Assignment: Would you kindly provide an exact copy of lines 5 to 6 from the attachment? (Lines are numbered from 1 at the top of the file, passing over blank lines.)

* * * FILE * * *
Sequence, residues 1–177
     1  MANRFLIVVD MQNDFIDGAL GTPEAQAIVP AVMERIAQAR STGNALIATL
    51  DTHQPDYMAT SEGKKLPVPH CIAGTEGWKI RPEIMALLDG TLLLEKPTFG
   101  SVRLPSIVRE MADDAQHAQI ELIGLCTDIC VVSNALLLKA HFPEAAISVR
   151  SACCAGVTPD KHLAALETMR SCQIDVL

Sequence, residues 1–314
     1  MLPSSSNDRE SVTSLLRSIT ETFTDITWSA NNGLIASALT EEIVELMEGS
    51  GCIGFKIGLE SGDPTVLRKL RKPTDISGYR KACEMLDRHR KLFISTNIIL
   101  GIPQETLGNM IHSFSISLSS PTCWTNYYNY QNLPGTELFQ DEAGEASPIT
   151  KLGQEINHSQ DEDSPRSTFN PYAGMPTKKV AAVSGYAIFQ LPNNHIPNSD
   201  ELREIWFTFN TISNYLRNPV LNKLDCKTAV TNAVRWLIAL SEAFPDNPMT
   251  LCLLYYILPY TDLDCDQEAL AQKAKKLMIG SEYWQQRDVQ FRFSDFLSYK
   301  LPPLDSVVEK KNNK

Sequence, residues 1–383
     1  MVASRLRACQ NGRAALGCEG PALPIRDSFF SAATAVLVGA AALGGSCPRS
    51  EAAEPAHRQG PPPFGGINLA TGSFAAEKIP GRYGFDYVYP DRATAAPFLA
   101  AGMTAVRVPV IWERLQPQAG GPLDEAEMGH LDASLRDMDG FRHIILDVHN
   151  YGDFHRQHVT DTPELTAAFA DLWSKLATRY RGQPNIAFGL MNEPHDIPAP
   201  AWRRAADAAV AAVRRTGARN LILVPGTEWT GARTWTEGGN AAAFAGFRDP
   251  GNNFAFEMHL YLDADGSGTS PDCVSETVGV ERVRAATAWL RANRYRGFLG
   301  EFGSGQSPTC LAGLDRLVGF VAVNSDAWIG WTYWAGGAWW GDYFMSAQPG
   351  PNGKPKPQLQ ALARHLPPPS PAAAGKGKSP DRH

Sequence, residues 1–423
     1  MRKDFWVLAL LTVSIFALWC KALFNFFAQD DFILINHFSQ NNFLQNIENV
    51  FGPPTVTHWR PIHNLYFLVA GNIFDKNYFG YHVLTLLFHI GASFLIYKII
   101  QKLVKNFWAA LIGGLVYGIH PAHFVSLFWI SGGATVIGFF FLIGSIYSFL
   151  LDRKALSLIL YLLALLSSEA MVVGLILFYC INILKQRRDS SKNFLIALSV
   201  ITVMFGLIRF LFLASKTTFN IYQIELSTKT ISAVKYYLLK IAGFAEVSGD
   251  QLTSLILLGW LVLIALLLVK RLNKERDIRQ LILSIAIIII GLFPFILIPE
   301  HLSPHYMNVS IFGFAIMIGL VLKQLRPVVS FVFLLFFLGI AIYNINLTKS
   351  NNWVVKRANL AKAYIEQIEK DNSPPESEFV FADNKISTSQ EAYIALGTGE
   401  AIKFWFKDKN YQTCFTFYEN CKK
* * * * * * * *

   151  SACCAGVTPD KHLAALETMR SCQIDVL

Sequence, residues 1–314